"I would not want to be getting into the data entry career in accounting, because of automation and bank fees,” said Jeff Phillips, who co-founded accounting recruiter Accounting Fly and is CEO of Padgett Business Services, in an interview with Accounting Today. “I know AI is such a buzzword and that is what a lot of people talk about, but that will automate away any kind of data entry. Same with accounts receivable and payable clerks and how they're getting automated out of a job.”

Crunchers who are early in their careers have the opportunity to retain an accounting job if they adapt. They have more room to acquire new skills and pivot. But longtime "rock stars" who are extremely good at these data input and processing tasks “will be in trouble because those folks love doing what they're doing, but [there is] a limit on their capacity,” said Jody Grunden, partner and virtual CFO practice leader with Summit CPA, in an interview. “We've got several individuals in firms who don't want to be a CFO. They love being that senior-level accountant because it fulfills what they want to do, but as technology improves those folks will be limited in their value and will eventually be replaced.”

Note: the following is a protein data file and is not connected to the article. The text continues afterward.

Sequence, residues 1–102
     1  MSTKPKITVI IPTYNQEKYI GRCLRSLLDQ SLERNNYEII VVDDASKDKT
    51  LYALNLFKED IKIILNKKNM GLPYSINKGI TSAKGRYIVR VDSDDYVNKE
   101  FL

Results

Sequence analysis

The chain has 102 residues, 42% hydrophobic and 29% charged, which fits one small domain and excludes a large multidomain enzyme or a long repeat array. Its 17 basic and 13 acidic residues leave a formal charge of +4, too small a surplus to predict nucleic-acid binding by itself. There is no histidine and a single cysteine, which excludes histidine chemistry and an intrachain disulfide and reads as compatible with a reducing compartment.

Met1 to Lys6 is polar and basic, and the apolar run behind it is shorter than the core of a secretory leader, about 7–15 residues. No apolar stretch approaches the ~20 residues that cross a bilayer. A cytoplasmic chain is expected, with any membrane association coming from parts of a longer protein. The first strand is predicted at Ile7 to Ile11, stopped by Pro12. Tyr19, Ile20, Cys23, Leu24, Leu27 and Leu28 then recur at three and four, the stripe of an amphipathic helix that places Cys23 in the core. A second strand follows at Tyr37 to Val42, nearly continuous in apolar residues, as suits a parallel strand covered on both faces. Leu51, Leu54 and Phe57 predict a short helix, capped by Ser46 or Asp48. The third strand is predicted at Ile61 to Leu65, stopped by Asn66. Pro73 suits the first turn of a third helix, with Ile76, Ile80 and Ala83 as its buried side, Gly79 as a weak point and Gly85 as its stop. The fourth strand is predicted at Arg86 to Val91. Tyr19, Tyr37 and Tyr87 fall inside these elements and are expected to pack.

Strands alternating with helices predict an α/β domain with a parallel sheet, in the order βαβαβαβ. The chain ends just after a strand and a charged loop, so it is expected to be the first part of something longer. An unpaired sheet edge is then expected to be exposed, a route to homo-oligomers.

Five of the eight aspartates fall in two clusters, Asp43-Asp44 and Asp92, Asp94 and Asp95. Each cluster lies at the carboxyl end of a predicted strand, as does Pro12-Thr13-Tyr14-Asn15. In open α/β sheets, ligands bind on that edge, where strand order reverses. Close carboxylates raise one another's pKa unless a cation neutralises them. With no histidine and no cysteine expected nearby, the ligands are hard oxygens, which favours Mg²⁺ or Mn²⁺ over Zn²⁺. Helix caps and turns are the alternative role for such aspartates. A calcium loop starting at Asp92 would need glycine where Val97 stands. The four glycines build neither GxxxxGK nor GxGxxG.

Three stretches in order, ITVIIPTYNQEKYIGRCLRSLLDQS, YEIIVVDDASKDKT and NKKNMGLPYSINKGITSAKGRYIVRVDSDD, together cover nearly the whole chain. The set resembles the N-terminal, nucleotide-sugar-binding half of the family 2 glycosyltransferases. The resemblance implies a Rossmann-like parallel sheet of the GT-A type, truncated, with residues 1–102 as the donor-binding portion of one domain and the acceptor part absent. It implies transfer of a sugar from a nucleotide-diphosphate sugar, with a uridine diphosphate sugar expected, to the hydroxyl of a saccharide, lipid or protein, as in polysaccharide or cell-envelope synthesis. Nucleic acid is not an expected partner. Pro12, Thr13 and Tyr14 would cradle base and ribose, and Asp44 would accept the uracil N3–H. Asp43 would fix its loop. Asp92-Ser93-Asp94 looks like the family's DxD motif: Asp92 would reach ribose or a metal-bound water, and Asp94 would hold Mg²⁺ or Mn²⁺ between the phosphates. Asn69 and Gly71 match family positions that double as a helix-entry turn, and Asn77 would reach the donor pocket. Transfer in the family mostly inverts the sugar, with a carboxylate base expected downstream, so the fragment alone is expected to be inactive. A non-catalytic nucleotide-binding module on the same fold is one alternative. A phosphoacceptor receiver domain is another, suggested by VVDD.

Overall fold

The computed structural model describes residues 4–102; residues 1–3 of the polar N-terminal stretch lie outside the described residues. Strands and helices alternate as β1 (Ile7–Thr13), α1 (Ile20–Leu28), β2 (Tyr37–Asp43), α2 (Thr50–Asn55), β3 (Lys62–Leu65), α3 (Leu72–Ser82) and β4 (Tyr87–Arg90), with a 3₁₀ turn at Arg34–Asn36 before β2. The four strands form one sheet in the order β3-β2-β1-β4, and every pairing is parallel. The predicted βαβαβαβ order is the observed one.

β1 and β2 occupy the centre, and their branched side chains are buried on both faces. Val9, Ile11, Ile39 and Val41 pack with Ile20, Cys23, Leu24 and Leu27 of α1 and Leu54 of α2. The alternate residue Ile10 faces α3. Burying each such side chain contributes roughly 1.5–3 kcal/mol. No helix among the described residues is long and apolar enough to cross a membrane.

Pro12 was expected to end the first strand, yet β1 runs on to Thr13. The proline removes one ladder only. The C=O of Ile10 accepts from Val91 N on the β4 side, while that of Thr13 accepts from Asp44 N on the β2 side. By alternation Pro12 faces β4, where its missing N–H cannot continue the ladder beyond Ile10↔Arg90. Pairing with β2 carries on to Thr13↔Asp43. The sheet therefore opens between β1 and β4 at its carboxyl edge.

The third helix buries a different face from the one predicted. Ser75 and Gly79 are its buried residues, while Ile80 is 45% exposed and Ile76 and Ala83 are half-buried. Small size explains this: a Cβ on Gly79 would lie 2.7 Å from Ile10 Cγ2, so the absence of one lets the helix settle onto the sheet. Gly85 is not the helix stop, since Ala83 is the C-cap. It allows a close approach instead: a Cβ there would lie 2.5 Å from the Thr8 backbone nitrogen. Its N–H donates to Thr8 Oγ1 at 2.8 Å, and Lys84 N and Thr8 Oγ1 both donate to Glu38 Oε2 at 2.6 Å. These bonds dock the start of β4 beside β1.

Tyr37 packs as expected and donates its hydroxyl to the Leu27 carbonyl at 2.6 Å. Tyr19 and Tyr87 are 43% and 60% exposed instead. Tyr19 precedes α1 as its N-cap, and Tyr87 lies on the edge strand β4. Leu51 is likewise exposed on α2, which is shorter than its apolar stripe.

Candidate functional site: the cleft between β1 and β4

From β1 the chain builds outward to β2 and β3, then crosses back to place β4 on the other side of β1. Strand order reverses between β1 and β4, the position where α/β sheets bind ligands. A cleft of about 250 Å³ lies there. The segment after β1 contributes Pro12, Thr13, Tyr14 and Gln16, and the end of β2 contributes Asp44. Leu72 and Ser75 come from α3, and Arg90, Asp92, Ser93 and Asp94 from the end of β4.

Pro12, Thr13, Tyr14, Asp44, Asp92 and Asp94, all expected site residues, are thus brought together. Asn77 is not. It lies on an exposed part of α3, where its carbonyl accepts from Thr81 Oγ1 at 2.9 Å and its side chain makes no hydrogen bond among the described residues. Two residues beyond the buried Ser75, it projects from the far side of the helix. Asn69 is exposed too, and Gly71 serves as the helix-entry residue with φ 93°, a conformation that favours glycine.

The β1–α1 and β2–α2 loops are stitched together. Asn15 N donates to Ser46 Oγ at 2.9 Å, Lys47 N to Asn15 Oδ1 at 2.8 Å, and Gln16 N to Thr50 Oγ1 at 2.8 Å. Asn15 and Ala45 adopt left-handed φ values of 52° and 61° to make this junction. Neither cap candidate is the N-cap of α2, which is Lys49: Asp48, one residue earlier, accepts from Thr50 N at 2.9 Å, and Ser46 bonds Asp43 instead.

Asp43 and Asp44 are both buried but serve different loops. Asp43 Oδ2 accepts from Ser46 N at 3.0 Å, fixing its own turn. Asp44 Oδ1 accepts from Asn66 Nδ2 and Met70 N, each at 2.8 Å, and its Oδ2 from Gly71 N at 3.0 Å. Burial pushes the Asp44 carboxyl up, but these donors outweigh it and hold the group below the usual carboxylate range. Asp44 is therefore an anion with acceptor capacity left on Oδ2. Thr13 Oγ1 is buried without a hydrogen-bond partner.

Based on what he has seen as a recruiter, Phillips told Accounting Today that it will be more of a slow attrition than a sudden wave of firings.

"Anything that seems like basic tracking and reconciling information is very much ripe for disruption, such as payroll, all those low-level services that firms breached, started to pursue because they were looking for other ways to increase profits besides audit and tax, and they will have a day of reckoning where I don't need your firm to do this stuff for me,” said Chris Vanover, leader of accounting talent solutions provider CPA Club, in an interview.